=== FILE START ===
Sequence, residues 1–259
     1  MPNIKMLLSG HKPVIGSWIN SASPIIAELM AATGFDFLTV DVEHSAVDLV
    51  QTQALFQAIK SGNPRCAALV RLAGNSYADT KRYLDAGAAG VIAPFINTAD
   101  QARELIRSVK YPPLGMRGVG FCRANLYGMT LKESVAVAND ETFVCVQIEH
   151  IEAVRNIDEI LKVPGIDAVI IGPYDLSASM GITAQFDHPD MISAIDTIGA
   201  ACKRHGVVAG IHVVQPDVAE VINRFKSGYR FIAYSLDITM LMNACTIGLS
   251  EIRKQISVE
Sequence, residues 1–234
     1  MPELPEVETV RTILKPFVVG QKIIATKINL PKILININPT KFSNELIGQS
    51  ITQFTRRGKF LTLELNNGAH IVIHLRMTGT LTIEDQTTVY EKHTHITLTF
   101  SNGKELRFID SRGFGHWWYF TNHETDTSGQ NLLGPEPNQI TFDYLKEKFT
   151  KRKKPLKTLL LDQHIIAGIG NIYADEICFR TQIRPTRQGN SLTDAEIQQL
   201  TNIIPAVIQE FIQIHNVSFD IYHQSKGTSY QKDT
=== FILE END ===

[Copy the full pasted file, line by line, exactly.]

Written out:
Sequence, residues 1–259
     1  MPNIKMLLSG HKPVIGSWIN SASPIIAELM AATGFDFLTV DVEHSAVDLV
    51  QTQALFQAIK SGNPRCAALV RLAGNSYADT KRYLDAGAAG VIAPFINTAD
   101  QARELIRSVK YPPLGMRGVG FCRANLYGMT LKESVAVAND ETFVCVQIEH
   151  IEAVRNIDEI LKVPGIDAVI IGPYDLSASM GITAQFDHPD MISAIDTIGA
   201  ACKRHGVVAG IHVVQPDVAE VINRFKSGYR FIAYSLDITM LMNACTIGLS
   251  EIRKQISVE
Sequence, residues 1–234
     1  MPELPEVETV RTILKPFVVG QKIIATKINL PKILININPT KFSNELIGQS
    51  ITQFTRRGKF LTLELNNGAH IVIHLRMTGT LTIEDQTTVY EKHTHITLTF
   101  SNGKELRFID SRGFGHWWYF TNHETDTSGQ NLLGPEPNQI TFDYLKEKFT
   151  KRKKPLKTLL LDQHIIAGIG NIYADEICFR TQIRPTRQGN SLTDAEIQQL
   201  TNIIPAVIQE FIQIHNVSFD IYHQSKGTSY QKDT